He makes no apologies for the fear he felt going into action and even describes one fairly harrowing near-miss at Monte Cassino in which his body reacts negatively to the fright. I doin't know of many other first hand accounts of officers where such a thing would be stated so openly.

For those interested in such things, this book gives you all the little details that makes it stand out over more modern work. For instance, how many modern historians would have known that the Ghurkas referred to the Germans as 'Dushmen'? No mamy i'm willing to bet...


Anzio: The Gamble That Failed
Anzio: The Gamble That Failed
by Martin Blumenson
Edition: Paperback
Price: £11.95

2.0 out of 5 stars Confusing, 20 April 2012
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I don't understand Blumenson's angle. His suggestion that the landings at Anzio weren't anything to do with the unfortunate Americans who, he intimates, were duped into going along with it is not only misguided but it's misleading too. True, it was largely a result of Churchill's overactive imagination and was ill-conceived to say the least but to suggest that Churchill and Alexander decided to arrange the landings on a whim with no real idea of the consequences, whilst poor old tired Lucas tried his best to make a go of it is unfair.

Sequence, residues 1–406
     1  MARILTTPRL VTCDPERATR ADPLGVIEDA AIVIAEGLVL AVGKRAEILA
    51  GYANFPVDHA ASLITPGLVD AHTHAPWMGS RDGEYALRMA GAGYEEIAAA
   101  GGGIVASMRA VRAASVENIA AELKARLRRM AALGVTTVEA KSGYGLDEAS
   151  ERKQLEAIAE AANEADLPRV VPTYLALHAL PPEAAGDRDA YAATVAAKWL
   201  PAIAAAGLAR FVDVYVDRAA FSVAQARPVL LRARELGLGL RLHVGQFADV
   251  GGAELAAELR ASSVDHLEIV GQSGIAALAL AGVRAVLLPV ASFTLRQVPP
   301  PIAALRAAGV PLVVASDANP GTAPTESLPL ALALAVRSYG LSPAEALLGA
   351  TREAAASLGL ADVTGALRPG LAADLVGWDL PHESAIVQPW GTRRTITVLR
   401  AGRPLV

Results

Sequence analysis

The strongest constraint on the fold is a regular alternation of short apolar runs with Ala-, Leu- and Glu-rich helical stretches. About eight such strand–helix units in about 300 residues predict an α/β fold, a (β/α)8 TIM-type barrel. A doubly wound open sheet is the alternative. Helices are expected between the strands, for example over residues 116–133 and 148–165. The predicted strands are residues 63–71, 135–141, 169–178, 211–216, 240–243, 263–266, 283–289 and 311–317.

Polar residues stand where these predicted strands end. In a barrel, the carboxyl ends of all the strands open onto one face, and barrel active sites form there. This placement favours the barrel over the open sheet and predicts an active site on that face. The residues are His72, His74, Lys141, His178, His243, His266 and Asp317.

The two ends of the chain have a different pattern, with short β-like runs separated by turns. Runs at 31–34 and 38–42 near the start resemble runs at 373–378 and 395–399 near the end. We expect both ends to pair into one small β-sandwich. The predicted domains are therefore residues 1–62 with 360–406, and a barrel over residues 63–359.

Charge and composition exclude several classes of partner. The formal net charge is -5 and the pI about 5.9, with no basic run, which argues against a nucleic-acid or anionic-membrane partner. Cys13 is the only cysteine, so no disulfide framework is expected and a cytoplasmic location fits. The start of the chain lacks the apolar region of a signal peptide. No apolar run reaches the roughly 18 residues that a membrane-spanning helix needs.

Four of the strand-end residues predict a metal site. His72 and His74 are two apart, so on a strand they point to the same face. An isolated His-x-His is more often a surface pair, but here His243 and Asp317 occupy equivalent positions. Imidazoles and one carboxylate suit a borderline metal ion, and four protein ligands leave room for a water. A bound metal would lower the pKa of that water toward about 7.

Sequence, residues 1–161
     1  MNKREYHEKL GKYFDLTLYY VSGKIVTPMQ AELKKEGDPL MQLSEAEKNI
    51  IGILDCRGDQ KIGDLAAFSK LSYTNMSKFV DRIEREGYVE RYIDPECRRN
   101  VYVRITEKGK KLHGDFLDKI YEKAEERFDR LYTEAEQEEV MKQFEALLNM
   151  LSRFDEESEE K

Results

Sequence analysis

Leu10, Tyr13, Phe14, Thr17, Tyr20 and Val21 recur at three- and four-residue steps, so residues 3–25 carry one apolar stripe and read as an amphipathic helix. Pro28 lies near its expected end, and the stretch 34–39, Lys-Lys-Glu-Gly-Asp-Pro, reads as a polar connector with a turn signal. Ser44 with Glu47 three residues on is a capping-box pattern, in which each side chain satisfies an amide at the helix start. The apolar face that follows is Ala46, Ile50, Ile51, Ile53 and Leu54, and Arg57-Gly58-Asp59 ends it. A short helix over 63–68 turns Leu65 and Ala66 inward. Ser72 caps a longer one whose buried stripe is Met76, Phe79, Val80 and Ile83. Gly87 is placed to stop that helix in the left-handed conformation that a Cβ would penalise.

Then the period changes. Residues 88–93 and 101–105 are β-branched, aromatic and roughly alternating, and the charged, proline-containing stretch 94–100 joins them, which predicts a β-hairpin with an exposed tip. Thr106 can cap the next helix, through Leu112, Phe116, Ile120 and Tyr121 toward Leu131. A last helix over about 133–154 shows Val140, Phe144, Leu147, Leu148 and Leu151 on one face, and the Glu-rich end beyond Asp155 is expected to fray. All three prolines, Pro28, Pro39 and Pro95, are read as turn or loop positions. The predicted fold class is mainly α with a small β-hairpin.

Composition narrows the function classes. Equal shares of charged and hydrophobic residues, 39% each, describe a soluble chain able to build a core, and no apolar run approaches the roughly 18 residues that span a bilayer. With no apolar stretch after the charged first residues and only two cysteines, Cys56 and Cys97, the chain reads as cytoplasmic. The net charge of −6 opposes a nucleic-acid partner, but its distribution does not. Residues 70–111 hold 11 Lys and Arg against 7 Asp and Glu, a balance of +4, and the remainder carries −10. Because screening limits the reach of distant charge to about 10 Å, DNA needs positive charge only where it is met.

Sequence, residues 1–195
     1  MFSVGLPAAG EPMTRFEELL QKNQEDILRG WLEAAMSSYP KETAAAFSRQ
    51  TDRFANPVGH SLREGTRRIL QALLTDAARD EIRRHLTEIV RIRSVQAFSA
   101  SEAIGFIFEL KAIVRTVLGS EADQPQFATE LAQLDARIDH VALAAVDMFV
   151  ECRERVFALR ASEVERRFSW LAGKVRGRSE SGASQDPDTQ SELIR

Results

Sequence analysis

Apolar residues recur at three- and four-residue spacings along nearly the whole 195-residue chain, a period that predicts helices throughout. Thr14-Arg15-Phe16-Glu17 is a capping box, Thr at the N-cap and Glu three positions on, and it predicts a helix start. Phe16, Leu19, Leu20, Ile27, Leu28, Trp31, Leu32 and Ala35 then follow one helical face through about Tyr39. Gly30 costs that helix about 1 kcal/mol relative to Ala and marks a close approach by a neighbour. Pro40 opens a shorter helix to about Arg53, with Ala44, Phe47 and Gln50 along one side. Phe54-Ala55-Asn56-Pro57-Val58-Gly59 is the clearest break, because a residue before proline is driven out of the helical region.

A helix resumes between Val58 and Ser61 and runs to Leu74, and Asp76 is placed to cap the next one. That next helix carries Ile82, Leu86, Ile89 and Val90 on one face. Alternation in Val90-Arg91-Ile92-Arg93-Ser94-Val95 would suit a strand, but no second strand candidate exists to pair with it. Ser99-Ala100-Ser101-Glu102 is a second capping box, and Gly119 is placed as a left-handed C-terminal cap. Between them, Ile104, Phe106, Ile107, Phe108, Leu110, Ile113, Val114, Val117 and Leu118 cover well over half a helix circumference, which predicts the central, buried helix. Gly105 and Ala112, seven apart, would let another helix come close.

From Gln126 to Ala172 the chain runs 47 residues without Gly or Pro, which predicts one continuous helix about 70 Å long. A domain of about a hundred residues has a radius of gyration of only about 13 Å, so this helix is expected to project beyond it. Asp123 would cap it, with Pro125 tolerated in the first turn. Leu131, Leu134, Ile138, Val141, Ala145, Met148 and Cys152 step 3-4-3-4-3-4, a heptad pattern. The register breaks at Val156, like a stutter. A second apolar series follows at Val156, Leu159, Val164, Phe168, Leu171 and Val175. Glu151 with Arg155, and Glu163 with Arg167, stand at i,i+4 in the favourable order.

Many troops (both British and American) suffered because of Lucas's lack of drive and his inability to see an obvious opportunity when it lay in front of him. Blumenson tries to explain that Lucas was tired and his judgement and abilities were therefore adversely affected. He also states that none of Lucas's friends and associates believed him to be tired. Call me cynical, but surely this is evidence of Lucas making excuses AFTER the fact. Of course we'd never know for definite if Lucas stated this before or after he was removed and replaced, simply because Blumenson hasn't referenced ANY of his sources.

Whilst I agree wholeheartedly that Anzio was a gamble that failed, I disagree with the means, not the end.

I also found it difficult to see how Blumenson is so highly rated as an historian when he gets the basics of a British divisions' order of battle wrong. For information Martin, by 1944, a British division had three infantry brigades, not two.